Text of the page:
Established 1874.

The Oberlin Review

Established 1874.

The Oberlin Review

Established 1874.

The Oberlin Review

Behind “Words, Music, Memory: (Re) Presenting Voices of the Holocaust”

The idyllic soprano voice of Sheena Ramirez, OC ’06, breathes life into the words of Holocaust victims and survivors and traces the movement of the traveling exhibit, “Words, Music, Memory: (Re) Presenting Voices of the Holocaust” by Adina Langer, OC ’06. The first floor of Mudd Center will feature this exhibit  Friday, Sept. 29, where it will remain until Nov. 18. There will be a joint lecture and concert from Langer and Ramirez Nov. 16 in Kulas Recital Hall. 

Finding one another in Dascomb Hall their first year at Oberlin, Langer and Ramirez quickly became friends who would embark on a journey of connection through their seemingly separate, but ultimately connected, areas of interest. Langer’s interests leaned toward creative writing and history, while Ramirez found her passion in performing. 

“[The exhibition] began [to take shape] through conversations with my partner in developing this project, Sheena Ramirez, who is my fellow Oberlin alum,” Langer said. “We’ve always connected over poetry.”

Now, as the curator of the Museum of History and Holocaust Education at Kennesaw State University in Georgia, Langer frequently finds herself in discussion with Ramirez about these connections between music, poetry, and curation. In 2020, she introduced the concept of this traveling exhibition, which resulted in the collaboration between her and Ramirez.

“We have a lot of great conversations where she would send me a poem, and we would just talk through ‘Who is this writer? What was their life experience?’” Langer said. “‘What maybe would have caused them to write in this way?’ And then she would take this poetic interpretation and weave it into her performance.”

From the start, this collaboration seemed natural to both of them. At the time, Ramirez was working on her Doctorate in Musical Arts at James Madison University, and another destination for the exhibit came about. 

“It occurred to both of us at about the same time that this would be an ideal partnership where I could curate an exhibition, and she could work on her thesis for her Doctor of Musical Arts and expand and do more Holocaust related performance and poetry,” Langer said.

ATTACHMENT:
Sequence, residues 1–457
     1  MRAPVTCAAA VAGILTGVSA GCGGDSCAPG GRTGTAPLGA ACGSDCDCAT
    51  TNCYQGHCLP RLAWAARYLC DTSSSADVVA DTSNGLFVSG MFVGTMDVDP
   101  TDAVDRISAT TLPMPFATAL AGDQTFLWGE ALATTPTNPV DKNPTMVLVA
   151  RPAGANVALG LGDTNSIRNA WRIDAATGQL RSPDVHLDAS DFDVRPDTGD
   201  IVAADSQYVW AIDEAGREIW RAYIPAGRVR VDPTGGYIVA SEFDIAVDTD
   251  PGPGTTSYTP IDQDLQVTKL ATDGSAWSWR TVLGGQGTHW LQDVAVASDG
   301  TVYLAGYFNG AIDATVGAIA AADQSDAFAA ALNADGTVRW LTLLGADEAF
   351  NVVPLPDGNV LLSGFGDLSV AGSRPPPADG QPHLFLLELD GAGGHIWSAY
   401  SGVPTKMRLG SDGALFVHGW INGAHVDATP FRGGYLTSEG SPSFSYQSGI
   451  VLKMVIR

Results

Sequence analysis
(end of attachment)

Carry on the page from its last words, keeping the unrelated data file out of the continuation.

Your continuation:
Lori Laitman and Laurence Sherr played an important role in musical composition for Ramirez and with the production of the exhibit itself, respectively. Additionally, Renee Romano, Robert S. Danforth professor of History, professor of Comparative American Studies and Africana Studies, was instrumental in bringing the exhibit to Oberlin. 

“This exhibit is about tracing how the writings of Holocaust victims and survivors have lived on and been transformed in other artistic spaces,” Romano said. “So the idea was to bring both the exhibit to campus but also to host the concert on campus.”

While helping to bring this exhibit to Oberlin’s Mudd Center, Romano built the online format of the exhibit into her spring semester 2023 class, Introduction to Public Humanities. 

“The fact that people who were experiencing this were still creating artwork, writing poems, and witnessing what they were experiencing — that’s incredibly powerful,” Romano said. 

In creating this exhibit, Langer has repackaged the memories of Holocaust victims into a 10-panel sequence that aims to share itself with those who will listen. Among those listeners, Langer believes, will be Oberlin students, faculty, and staff. 

“The exhibit, like all of the traveling exhibits that I’ve produced, is intended to serve multiple audiences to play a particular role depending upon where they go,” Langer said. 

At Oberlin, both of the creators’ alma mater, the impact should not be overlooked. Langer’s ideas of commemoration as a living process are particularly noteworthy. 

“How we honor the experiences of people who witnessed trauma depends so much on our own conscious choice to do so,” Langer said.

In this statement, she pointed out the activeness and affirmative nature of this exhibit. She noted as well that the importance of the exhibit to her is not just in the commemoration of the Holocaust itself, but in the individuals whose lives were changed or taken by the Holocaust. 

“For me, this is certainly about Holocaust commemoration, but it’s also about commemoration as something that anyone who is passionate about sharing an important story from the past can do,” Langer said.

By pointing to the individuals of the Holocaust, and even bringing them to life with Ramirez’s voice and the colorful portraits created by JMU students, Langer intends to uplift their voices in a modern format.

“In order to create art, whether that art is musical composition, drama, or visual arts, all of that takes choice and action from people whoW are alive today,” Langer said. “The next stage is a performance. The actor [or] the singer is choosing to take this on and then embody, in this very physical way, the experience of someone from the past. And then, of course, that last piece is all of us choosing to witness, through the art, these lives that were lived in the past.”

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